Computer GraphicsRaster DevicesTransformations Areg Sarkissian
Raster Devices • Most displays used for computer graphics are raster displays. • The surface of raster displays has a certain number of pixels that it can show, such as 640 X 480 ~ 307,000 pixels • All raster displays have a built-in coordinate system that associates a given pixel in an image with a given physical position on the display surface. • The horizontal coordinate Sx increases from left to right, and the vertical coordinate Sy increases from top to bottom. They have an upside-down coordinate system. (0,0) (639,0) (0,479) Consist of three main parts: 1) Frame Buffer 2) Scan Controller 3) Digital to Analog Converter (DAC)
Frame Buffer • A region of memory sufficiently large to hold all of the pixel values for display. • A graphic card that is installed in a personal computer actually houses the memory required for the frame buffer. • The display memory can be thought of a two dimensional array: mem[x][y]
Scan Controller & DAC • The scan controller causes the frame buffer to send each pixel through a converter to the appropriate physical spot on the display surface. • The scan controller addresses one pixel value, mem[x][y], in the frame buffer at the same time it addresses one position, (x, y), on the face of CRT. • The converter takes a pixel value such as 010010 and converts it to the corresponding quantity that produces a spot for each red, green, and blue colors on the display. • The dots are so close together that eye sees one composite dot and a single color that is the sum of the three component colors. Thus, the composite dot can be made glow in a total of 4x4x4=64 different colors.
Scan Controller & DAC Some of the more expensive systems have a frame buffer that support 24 planes of memory. Each of the DACs has eight input bits, so there are 256 level of red, green, blue. (16 million colors) Monochrom A single DAC converts pixel values in the frame buffer to voltage levels, which drive a single electron-beam gun. Note that 6 planes in frame buffer give 64 levels of gray.
Indexed Color and the Lookup Table • A color lookup table (LUT), which offers a programmable association between a pixel value and the final displayed color • The color depth is again six, but the 6 bits stored in each pixel go through an intermediate step before they drive the CRT. • These bits are used as an index into a table of 64 values (LUT…LUT) • Each LUT[i] contains a 15-bit value, which every five bits drives corresponding DAC. (Red, Green, Blue) • The set of 2^15 possible colors that the system is capable of displaying is called its palette, so the palette for this system is 32K colors • Since LUT has only 64 bits index, so it can only show 64 different color at a time on the screen.
Coordinates Translation Usually the upside-down coordinates of raster displays are translated to a more familiar coordinates (Cartesian Coordinates) in programming languages, such as OpenGL. y x (0, 0)
Transformations Transformations are very useful in computer graphics in a number of situations: • A scene can be fashioned by placing a number of instances of an object at different places and with different sizes using proper transformation. • A single motif can be designed and then fashion the whole shape of an object by reflection, rotation, and translation of the motif. (ex. Snowflake) • Helps a designer to view an object from different vantage points and make a picture from each one. • In a computer animation, several objects must move relative to one another from frame to frame.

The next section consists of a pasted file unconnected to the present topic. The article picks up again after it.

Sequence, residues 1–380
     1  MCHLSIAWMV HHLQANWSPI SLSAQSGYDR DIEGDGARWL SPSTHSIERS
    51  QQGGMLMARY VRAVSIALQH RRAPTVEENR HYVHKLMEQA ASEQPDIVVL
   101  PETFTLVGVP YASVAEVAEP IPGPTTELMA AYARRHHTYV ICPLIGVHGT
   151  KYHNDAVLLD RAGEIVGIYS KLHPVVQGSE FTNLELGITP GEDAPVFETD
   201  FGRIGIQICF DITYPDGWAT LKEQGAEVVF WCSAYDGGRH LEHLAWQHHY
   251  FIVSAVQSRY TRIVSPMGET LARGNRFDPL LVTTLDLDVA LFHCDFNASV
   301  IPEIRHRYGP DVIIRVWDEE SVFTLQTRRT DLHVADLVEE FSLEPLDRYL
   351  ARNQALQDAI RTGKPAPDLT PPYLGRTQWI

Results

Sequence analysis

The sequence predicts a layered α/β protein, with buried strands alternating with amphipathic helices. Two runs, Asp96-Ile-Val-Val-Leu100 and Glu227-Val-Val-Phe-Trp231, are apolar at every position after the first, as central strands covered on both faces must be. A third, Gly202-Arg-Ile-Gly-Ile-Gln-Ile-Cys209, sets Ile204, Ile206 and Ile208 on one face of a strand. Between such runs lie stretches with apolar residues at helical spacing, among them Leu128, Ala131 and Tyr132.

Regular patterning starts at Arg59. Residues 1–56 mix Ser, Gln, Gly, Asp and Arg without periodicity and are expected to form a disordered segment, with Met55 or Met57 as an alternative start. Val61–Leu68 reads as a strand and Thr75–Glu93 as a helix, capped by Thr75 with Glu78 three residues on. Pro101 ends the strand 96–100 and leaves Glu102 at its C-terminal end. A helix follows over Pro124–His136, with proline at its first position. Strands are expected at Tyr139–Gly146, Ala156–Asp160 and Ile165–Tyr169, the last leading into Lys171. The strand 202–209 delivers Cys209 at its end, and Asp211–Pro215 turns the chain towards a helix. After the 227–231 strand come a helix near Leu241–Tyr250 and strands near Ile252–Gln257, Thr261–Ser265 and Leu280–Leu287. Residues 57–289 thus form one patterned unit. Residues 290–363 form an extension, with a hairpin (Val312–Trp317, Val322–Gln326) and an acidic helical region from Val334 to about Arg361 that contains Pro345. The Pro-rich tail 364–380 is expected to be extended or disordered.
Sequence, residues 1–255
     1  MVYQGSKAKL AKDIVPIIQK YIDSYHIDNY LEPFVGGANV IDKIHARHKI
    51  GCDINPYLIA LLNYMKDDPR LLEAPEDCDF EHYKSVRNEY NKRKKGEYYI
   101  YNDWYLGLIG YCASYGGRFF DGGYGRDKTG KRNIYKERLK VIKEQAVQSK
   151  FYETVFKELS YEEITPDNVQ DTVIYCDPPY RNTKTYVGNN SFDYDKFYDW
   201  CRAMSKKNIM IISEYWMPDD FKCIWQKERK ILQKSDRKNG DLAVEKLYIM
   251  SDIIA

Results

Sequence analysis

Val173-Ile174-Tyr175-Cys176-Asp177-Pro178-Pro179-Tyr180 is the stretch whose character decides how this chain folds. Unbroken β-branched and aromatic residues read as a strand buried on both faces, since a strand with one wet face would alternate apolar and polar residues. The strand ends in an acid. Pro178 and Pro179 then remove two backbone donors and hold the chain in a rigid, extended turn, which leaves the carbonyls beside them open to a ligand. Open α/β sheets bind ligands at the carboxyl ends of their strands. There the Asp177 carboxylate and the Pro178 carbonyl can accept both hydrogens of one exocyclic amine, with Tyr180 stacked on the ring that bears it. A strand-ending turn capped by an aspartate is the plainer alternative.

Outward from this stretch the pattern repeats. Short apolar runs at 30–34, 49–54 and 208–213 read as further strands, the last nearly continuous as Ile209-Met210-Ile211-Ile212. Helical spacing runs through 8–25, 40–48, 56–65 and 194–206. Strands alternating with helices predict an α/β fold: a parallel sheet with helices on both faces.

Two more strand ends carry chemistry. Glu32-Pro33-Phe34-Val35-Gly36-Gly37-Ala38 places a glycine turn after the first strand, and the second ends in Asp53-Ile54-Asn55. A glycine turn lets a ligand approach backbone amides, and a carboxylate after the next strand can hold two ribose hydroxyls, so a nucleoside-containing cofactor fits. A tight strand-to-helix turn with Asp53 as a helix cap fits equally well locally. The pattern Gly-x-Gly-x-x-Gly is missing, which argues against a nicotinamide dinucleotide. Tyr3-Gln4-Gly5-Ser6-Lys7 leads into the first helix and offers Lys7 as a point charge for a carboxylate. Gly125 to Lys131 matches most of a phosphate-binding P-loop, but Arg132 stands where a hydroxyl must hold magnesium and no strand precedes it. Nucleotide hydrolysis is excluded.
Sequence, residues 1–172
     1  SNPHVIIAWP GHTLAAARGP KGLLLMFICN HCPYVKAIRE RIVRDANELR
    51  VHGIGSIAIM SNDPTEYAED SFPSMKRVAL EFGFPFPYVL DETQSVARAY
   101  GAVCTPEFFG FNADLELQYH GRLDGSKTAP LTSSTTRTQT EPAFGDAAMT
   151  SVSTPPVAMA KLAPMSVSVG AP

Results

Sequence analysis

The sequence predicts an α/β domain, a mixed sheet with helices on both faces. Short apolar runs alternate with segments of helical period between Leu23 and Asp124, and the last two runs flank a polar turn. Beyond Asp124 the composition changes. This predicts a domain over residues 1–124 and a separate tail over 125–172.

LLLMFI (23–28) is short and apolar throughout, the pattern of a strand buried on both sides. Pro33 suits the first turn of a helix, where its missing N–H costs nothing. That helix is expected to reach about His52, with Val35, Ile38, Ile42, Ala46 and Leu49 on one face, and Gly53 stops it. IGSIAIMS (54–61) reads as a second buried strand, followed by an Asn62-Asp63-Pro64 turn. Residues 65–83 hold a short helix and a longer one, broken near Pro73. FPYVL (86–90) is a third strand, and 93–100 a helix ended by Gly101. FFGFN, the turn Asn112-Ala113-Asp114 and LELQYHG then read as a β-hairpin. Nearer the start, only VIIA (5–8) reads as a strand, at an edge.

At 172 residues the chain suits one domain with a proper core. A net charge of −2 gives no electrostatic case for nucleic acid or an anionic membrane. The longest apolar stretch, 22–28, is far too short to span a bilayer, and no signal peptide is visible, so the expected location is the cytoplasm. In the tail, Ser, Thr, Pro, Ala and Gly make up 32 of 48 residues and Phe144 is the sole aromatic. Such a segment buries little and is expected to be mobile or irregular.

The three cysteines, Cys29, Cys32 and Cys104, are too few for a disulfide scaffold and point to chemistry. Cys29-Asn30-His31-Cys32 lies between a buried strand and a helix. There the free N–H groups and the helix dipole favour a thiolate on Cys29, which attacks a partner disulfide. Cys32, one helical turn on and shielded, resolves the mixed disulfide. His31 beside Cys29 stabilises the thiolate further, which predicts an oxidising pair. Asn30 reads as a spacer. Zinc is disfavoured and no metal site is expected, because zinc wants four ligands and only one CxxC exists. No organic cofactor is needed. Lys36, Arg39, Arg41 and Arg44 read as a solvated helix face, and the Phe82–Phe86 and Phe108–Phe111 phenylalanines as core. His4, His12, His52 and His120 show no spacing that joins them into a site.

Transformations • A transformation alters each point P in space (2D or 3D) into a new point Q by means of a specific formula or algorithm. • An arbitrary point P in the plane is mapped to another point Q. We say that Q is the image of P under the mapping T. • An object is being transformed by transforming each of its points using the same function T(P) for each point. Points are represented as: y Q=T(P) y Q=T(P) P P x x z
Affine (or Linear) Transformations Types of Affine Transformations: • Translation • Scaling • Reflection • Rotation An affine transformation is represented by matrices.
Translation • Translates a picture into a different position on a graphics display. • The translation part of the affine transformation arises from the third column of the matrix for 2D and forth column for 3D. 2D 3D Example: 2D translation
Scaling Changes the size of a picture and involves two scale factors Sx and Sy for the x- and y-coordinates (Qx, Qy) = (SxPx, SyPy) Thus, the matrix for scaling is simply: 3D 2D Example:
Reflection If a scale factor is negative, then there is also a reflection about a coordinate axis. About x-axis About y-axis P Example: reflection about x-axis x Q=T(P)
2D Rotation The rotation of a figure about a given point through some angle. The matrix for 2D rotation about origin: Example: P=(x, y) and Q=T(P) 60 P
3D Rotation The 3D rotation matrices about each coordinate: About x-axis (x-roll) About y-axis (y-roll) About z-axis (z-roll)
Rotation about an arbitrary point The result of this rotation will be product of three matrices. Step 1) Translation (a, b) to (0, 0) Step 2) Rotation point P about origin (0, 0) Step 3) Translation (0, 0) to (a, b) Example: (a, b) is an arbitrary point and P=(x, y) T(P)=Q P (a, b) (0,0) Step 3 Step 2 Step 1
References Computer Graphics – Using OpenGL F.S Hill, Jr